Trails were rerouted, signage was hung, and an army of trained docents, present from dawn until dusk, were stationed on-site to educate beachgoers about the plovers. In the summer of 2001, university scientists noticed that a mating pair of western snowy plovers had succeeded in hatching two marshmallow-sized chicks near a recently re-vegetated section of the dunes.
“Those tiny balls of fluff marked the first recorded snowy plover chicks on the Reserve in over 30 years,” Wittman said.
“This example shows that lost plover breeding sites can be recovered, an essential task to increase the number of western snowy plovers,” said Reserve Director Cristina Sandoval.
“Coal Oil Point Reserve offers one of the few places where plovers can be safely observed while nesting, with docents keeping a close watch on both visitors and the birds. People who experience this rare opportunity become ambassadors for the plovers,” she said.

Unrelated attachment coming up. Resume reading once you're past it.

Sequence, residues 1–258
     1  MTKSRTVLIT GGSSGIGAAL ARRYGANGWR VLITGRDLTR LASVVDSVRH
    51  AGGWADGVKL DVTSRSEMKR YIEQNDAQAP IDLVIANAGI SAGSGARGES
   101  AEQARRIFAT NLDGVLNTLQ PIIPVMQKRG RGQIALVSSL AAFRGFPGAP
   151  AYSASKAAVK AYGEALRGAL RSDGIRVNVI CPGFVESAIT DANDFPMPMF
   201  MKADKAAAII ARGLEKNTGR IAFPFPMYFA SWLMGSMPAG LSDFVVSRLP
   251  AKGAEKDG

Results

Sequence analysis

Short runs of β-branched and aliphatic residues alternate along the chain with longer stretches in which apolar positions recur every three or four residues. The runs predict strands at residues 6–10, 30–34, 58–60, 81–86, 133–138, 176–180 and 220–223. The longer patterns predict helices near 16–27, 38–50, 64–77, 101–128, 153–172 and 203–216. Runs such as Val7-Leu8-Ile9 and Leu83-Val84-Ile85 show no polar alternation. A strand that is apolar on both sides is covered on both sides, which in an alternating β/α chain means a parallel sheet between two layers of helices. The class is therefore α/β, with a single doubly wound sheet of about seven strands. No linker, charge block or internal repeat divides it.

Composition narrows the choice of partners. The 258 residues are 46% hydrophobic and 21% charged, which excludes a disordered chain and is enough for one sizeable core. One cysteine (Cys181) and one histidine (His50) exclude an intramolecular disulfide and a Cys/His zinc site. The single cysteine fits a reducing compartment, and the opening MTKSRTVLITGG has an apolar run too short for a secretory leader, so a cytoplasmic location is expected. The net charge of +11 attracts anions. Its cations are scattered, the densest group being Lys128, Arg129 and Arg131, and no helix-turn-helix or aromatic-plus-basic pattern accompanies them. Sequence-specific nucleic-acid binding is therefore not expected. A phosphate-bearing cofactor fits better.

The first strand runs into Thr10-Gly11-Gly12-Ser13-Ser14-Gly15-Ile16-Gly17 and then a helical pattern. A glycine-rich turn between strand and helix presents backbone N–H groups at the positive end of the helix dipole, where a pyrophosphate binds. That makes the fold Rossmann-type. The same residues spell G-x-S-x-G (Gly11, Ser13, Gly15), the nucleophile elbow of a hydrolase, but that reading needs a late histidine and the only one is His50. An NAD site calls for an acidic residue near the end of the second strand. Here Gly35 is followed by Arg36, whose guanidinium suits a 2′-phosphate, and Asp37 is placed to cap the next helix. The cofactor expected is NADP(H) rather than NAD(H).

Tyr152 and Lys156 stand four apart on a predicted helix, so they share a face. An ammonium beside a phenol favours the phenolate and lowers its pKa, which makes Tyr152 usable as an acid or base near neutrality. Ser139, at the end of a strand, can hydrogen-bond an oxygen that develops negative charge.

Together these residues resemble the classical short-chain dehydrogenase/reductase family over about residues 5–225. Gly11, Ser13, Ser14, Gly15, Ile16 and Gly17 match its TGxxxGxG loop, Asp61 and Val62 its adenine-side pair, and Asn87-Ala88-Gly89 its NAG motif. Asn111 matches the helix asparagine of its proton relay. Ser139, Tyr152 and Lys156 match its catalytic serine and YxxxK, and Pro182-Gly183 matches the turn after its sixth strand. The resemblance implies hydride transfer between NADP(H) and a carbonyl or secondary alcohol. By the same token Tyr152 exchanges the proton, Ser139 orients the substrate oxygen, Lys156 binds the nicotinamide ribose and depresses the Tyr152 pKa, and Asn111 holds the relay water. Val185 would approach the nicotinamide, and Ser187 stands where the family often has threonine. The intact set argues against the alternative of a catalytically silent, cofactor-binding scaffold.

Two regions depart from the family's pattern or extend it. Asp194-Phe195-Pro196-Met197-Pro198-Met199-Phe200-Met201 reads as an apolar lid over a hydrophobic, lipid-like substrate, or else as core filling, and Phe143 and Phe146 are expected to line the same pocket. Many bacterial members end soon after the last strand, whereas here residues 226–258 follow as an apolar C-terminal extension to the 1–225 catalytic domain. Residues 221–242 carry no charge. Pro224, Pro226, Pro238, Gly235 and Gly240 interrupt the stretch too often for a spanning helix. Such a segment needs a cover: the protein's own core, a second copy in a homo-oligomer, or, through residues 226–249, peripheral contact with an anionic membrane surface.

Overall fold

Jessica Nielson, conservation specialist with the Reserve, monitors the population with the help of volunteers through the Reserve’s docent program. “The docent program plays a huge role in the ability of the reserve to balance recreational use of the beach with conservation. Our docents tend to have a background or interest in nature, ecology, and conservation,” she said. “They do a wonderful job of communicating their environmental interests with the public.”